Asteraceae is the first album from Pisaura, a new collaboration between composer Michael Pisaro-Liu and the duo of Amber Wolfe Rounds and Jarrod Fowler who work under the moniker Zizia. Extensive notes regarding the make-up of this album are kept at the duo's website (https://zizia.xyz/aster.html) but aren't necessarily required to enjoy the album, though the thought put into the composition is quite remarkable. Wolfe Rounds is an astrologer and Fowler a horticulturist, so it makes sense that their work as Zizia makes use of celestial maps and terrestrial sounds. Pisaro-Liu is a celebrated member of the Wandelweiser Collective and one of the most intriguing artists working in experimental music today. At an extremely high level, the composition of Asteraceae was guided by superimposing a celestial map with one of the greater Los Angeles area and lining up Saturn with the Mount Wilson Observatory and Chiron with the California Institute of Arts. With this as a datum, Pisaura created a series of complex rules for their site-specific recordings and performances which are better detailed on their website for those interested in the process and tools used on this album. I personally found the notes enriching to the overall experience, but again, the recording is terrific on the merit of the sounds alone.
The album is meant to be played on shuffle, and it is indeed a different experience each time when listened to it in this way. The list of instrumentation used in the recording is long and so I haven't tried to discern the sources of the sounds. The domain conjured feels familiar but never quite develops the way you expect it to (the effect is amplified when played on shuffle). It's like a maze that shifts subtly as it's traversed giving rise to a surreal combination of tension and uncertainty in the listener. All of the corners have been rounded and all signposts removed. The sounds themselves vary quite a bit but nothing feels out of place, quite to the contrary really, everything seems very well balanced and thought-out (if you hadn't already gotten the impression from the album notes). Dense shimmering drones, small percolating noises, the hiss of field recordings, all swell into brief clusters of tangled sound. The sonic footprint leans slightly more towards Zizia's esthetic, but Pisaro-Liu's touch is evident and the two parties obviously share timbral, temporal, and spatial inclinations as well. A truly unique pairing of artists that yields delightfully weird alien fruit.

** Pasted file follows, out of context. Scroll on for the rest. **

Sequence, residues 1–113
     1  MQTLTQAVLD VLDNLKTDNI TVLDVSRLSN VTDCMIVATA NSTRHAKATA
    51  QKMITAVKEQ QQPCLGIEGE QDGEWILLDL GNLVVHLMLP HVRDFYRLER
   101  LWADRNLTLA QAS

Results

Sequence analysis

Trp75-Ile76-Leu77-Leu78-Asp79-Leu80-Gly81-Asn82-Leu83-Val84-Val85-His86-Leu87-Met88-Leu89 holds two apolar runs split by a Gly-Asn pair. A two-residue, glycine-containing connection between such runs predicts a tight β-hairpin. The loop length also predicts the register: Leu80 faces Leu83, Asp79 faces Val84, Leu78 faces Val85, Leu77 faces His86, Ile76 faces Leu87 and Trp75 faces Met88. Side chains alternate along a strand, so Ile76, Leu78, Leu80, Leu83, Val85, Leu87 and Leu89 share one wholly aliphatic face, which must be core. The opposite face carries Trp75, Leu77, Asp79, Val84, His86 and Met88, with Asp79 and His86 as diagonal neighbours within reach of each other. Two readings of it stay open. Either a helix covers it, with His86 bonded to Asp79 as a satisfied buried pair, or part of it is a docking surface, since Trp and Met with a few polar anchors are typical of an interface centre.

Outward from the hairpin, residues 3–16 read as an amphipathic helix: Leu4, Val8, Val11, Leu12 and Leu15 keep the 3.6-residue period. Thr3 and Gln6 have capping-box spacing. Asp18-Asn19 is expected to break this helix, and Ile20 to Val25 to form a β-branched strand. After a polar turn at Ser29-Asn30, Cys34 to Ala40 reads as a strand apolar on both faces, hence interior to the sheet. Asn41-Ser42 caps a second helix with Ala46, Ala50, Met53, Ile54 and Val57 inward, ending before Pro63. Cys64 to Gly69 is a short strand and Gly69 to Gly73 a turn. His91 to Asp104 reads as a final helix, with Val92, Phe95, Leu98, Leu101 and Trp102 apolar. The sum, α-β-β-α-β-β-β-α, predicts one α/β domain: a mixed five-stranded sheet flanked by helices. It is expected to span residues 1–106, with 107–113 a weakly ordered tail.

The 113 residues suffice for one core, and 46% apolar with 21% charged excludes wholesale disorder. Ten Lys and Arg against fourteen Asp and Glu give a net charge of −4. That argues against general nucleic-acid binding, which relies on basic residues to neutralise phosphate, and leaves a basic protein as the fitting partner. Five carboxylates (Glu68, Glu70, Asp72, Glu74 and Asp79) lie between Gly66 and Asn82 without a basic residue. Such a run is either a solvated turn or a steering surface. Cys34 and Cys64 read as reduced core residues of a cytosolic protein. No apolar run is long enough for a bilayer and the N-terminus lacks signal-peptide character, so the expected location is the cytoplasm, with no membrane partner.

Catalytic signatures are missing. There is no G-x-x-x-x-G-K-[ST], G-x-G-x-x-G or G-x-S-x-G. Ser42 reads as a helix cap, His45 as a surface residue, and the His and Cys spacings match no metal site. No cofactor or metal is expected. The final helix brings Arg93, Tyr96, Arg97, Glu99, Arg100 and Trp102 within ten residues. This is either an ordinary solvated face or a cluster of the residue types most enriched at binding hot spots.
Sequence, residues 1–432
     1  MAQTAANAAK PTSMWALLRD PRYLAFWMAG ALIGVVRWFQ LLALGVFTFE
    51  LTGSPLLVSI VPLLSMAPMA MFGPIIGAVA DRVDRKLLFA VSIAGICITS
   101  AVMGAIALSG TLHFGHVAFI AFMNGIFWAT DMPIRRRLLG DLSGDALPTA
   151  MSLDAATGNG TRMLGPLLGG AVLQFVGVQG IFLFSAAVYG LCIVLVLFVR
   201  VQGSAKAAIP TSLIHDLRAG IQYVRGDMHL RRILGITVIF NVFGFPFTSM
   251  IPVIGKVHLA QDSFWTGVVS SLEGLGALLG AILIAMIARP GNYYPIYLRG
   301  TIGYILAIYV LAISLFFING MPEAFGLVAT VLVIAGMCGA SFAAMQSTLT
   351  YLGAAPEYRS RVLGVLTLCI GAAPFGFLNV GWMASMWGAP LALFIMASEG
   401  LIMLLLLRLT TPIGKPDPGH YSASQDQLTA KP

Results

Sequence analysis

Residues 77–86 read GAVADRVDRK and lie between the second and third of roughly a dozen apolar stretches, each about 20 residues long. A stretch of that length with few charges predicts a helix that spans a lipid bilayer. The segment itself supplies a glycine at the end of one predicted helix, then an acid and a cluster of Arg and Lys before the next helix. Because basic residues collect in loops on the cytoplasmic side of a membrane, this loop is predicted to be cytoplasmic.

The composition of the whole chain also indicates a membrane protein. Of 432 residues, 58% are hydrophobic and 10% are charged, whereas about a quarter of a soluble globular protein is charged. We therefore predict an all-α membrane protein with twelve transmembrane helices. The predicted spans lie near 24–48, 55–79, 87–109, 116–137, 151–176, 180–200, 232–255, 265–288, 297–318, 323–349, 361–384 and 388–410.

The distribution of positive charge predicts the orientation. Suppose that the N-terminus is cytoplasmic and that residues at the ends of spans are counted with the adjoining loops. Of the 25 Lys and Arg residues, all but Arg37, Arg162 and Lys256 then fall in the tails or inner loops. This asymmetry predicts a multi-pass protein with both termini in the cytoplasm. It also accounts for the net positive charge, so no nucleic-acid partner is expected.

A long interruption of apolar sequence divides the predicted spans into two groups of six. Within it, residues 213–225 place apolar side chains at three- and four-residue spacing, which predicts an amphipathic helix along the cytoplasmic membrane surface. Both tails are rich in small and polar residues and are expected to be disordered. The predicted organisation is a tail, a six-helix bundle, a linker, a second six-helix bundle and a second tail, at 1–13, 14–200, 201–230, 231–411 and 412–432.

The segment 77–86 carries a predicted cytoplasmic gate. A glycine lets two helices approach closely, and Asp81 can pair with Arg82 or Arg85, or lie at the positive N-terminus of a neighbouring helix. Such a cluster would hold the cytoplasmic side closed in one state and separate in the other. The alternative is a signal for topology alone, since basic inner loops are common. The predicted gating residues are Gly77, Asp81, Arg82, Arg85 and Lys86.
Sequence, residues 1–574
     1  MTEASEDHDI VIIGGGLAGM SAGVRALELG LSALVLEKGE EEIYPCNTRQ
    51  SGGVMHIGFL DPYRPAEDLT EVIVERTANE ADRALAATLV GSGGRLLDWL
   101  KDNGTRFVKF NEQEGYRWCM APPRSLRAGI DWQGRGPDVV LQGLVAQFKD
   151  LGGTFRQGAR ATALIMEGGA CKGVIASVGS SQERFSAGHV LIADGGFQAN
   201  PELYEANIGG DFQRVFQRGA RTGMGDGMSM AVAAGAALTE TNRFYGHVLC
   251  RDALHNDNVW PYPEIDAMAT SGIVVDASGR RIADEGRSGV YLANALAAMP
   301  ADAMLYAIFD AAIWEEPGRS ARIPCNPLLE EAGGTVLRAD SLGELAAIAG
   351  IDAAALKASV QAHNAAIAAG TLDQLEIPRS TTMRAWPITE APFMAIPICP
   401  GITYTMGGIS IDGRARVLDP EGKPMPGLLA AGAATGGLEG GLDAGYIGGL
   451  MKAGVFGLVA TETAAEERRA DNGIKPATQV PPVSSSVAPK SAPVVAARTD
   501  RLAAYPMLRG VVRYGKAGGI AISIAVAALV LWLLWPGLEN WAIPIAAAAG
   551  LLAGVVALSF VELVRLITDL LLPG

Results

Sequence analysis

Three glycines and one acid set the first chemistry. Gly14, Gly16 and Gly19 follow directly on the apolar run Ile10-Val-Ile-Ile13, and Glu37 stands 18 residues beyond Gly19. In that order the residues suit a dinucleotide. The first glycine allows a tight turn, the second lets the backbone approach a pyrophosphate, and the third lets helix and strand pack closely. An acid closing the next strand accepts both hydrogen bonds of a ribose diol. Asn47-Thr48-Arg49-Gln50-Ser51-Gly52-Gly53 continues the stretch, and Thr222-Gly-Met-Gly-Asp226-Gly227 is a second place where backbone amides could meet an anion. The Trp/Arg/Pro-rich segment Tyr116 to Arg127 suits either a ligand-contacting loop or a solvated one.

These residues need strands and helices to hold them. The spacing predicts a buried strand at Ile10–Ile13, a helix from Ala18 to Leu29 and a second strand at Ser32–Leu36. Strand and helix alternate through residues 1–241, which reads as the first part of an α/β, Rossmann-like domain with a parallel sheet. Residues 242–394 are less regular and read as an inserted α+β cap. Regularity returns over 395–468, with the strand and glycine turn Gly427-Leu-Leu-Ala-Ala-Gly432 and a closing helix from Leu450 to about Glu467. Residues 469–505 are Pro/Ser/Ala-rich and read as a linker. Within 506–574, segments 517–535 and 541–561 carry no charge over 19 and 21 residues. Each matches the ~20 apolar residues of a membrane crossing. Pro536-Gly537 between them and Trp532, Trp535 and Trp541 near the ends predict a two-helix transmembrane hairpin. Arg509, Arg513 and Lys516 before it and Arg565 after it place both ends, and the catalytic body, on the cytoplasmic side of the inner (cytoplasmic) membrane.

Most of the information I've referenced is from the website noted earlier in this piece, which is substantial, and so might explain why the packaging is so minimalist. No elaborate texts, just images of the superimposed celestial/terrestrial maps used in the composition. Sedimental Records releases are becoming more and more rare as the years move along, but they've become synonymous with greatness in my book. If it's out on Sedimental it's worth a listen, and this record has done nothing to change that instinct. Asteraceae is as conceptually rigorous an album as you're likely to find, and it's a sign of success that for all the upfront work the music does just fine on its own.
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